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Location Antarctica
Central coordinates 64o 6.00' West  64o 46.00' South
IBA criteria A4ii
Area 40 ha
Altitude 0 - 48m
Year of IBA assessment 2011





Site description Litchfield Island lies less than a kilometer to the south of Norsel Point, Anvers Island, at the western extent of Arthur Harbour. The IBA is defined by the boundary of Antarctic Specially Protected Area No. 113 Litchfield Island, which was designated to protect an unusually rich and diverse terrestrial habitat, with a wide range of wildlife (ASPA No. 113 Management Plan, 2009).

The geology of Litchfield Island comprises tonalites, granites and other volcanics (ASPA No. 113 Management Plan, 2009). Relief is varied with numerous low summits, the highest of which is 48 m, and there are several small ponds on the island. In the 1960s, one finest examples of maritime Antarctic vegetation existed on Litchfield Island, including an extensive moss carpet dominated by Warnstorfia laculosa, and several areas covered by Polytrichum strictum and Chorisodontium aciphyllum (ASPA No. 113 Management Plan, 2009). By 2001, Antarctic Fur Seals (Arctocephalus gazella) had severely reduced the abundance and variety of vegetation on Litchfield Island’s lower slopes. However, on higher slopes, vegetation remains intact and recent declines in the population of Antarctic Fur Seals may be facilitating regrowth of vegetation on previously damaged slopes (W. Fraser, pers. comm, 2009). Other species described on Litchfield Island include the two species of flowering plants found in Antarctica: Deschampsia Antarctica and Colobanthus quitensis.

The nearest scientific station is Palmer (US), ~1.5 km to the east. See Ant012 for more information on Palmer Station and local climate.

Key Biodiversity At least six bird species breed on Litchfield Island, making it one of the most ornithonologically diverse sites in Arthur Harbour. Census records for the South Polar Skua (Catharacta maccormicki) indicate up to 50 breeding pairs breed on Litchfield Island, although the number fluctuates widely from year to year (ASPA No. 113 Management Plan, 2009). Breeding pairs of Brown Skua (Catharacta lonnbergi) and hybrid Skua have also been observed in the past. However, an outbreak of fowl cholera in 1979 is thought to have killed many of the Brown Skua and only two pairs were recorded in 1980-81 (ASPA No. 113 Management Plan, 2009). There were 57 breeding pairs of Southern Giant Petrel (Macronectes giganteusi) on Litchfield Island in the 2008-09 season (W.R. Fraser, pers. comm., cited in ASPA No. 113 Management Plan, 2009) and a few Antarctic Tern (Sterna vittata) nests are recorded each year. Kelp Gulls (Larus dominicanus) breed in low numbers in this IBA, whilst Wilson’s Storm-petrels (Oceanites oceanicus) are also a confirmed breeder at the site.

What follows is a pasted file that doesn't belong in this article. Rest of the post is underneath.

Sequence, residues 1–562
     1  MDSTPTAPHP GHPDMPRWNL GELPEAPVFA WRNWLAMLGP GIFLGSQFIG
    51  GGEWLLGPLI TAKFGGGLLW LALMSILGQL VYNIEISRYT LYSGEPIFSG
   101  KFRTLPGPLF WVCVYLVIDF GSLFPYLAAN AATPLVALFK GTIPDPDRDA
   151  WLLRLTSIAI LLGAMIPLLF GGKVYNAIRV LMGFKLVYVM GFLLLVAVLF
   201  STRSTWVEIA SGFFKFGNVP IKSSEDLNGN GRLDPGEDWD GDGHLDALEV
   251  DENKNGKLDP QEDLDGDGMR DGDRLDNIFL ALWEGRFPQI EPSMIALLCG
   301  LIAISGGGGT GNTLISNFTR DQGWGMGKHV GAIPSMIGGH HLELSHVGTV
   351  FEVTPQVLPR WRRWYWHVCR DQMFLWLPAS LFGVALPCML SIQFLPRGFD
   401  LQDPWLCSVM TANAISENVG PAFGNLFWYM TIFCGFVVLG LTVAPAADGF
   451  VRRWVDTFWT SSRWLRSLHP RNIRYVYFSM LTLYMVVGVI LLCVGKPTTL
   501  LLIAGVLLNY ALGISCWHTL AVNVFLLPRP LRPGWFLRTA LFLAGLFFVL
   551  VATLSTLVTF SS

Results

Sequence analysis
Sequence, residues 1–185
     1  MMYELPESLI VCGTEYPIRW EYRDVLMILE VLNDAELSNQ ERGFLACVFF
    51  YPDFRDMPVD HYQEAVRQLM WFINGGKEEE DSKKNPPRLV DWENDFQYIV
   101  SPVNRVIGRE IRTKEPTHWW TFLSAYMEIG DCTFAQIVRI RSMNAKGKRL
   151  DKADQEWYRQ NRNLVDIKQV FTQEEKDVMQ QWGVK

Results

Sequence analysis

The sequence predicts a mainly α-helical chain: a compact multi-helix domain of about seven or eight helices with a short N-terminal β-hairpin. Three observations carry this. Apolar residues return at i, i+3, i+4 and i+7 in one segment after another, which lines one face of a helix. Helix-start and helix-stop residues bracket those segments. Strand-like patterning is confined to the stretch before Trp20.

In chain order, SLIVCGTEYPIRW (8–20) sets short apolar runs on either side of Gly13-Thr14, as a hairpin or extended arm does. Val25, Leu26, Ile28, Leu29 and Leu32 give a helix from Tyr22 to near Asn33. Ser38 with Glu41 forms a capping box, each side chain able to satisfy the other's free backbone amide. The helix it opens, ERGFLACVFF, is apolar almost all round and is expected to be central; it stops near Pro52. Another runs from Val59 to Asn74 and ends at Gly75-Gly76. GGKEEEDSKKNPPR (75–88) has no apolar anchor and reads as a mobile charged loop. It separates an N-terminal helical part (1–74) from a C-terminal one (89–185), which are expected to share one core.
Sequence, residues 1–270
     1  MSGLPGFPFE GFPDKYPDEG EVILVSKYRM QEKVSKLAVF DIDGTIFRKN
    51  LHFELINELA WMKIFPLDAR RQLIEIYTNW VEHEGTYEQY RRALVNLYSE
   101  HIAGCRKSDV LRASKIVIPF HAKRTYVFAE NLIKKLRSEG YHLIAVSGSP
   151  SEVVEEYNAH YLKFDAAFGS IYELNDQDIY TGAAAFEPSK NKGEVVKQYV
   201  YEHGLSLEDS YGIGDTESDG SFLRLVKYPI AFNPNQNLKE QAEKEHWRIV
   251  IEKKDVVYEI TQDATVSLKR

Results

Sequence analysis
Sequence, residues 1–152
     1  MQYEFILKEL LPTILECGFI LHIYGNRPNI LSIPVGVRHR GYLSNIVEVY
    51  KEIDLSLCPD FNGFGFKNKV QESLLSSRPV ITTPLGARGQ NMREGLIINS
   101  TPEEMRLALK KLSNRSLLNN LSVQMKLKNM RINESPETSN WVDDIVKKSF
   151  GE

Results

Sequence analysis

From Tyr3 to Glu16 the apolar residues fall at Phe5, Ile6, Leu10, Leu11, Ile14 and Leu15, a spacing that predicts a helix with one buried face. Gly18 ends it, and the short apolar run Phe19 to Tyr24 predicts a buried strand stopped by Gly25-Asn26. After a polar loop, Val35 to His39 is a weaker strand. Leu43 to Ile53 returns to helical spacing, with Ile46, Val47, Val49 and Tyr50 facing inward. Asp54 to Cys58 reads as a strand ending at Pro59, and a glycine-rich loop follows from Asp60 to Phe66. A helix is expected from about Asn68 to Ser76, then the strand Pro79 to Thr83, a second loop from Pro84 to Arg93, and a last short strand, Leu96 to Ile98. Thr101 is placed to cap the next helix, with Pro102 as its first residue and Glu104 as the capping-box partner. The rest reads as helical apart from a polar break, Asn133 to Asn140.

Around 1000 pairs of Adélie Penguins (Pygoscelis adeliae) were nesting on Litchfield Island in the early 1970’s (Parmelee & Parmelee, 1987). However, Adélie numbers declined over subsequent decades and by the 2006-07 summer season all nests had been vacated (W. Fraser, pers. comm., 2007 cited in ASPA No. 113 Management Plan, 2009). Population decline of Adelie breeding sites in the Palmer area has been linked to regional changes in sea ice extent and snow accumulation rates (Emslie et al. 1998; McClintock et al. 2008).

Other non-breeding bird species frequenting the site include the Imperial Shag (Phalacrocorax atriceps), Chinstrap Penguins (Pygoscelis antarctica) and Gentoo Penguins (P. papua). Occasional observations are made of Snow Petrel (Pagodroma nivea), Cape Petrel (Daption capense), Antarctic Petrel (Thalassoica antarctica) and Southern Fulmar (Fulmarus glacialoides).

Non-bird biodiversity: Antarctic Fur Seals (Arctocephalus gazella) commonly haul out on Litchfield Island from February onwards each year, although numbers have reportedly decreased in the Arthur Harbour area in recent years (Siniff et al. 2008). Elephant Seals (Mirounga leonina) haul out along the shoreline of Litchfield Island for much of the year and Weddell Seals (Leptonychotes weddellii) are also occasionally observed. Crabeater Seals (Lobodon carcinophaga) and Leopard Seals (Hydrurga leptonyx) are regularly observed on ice floes near the IBA (ASPA No. 113 Management Plan, 2009). See Ant 012 for information on other species observed nearby.

Populations of IBA trigger species

Species Season Period Population estimate Quality of estimate IBA Criteria IUCN Category
South Polar Skua Catharacta maccormicki breeding  2009  max 50 breeding pairs  A4ii  Least Concern 

Protection status ASPA No.113

References ASPA No. 113 Litchfield Island: Management Plan; ASMA No. 7 Palmer Basin and Southwest Anvers Island: Management Plan (2008); Palmer LTER project URL: http://pal.lternet.edu/, accessed: 04/08/2010.

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Recommended citation  BirdLife International (2014) Important Bird Areas factsheet: Litchfield Island. Downloaded from http://www.birdlife.org on 18/12/2014

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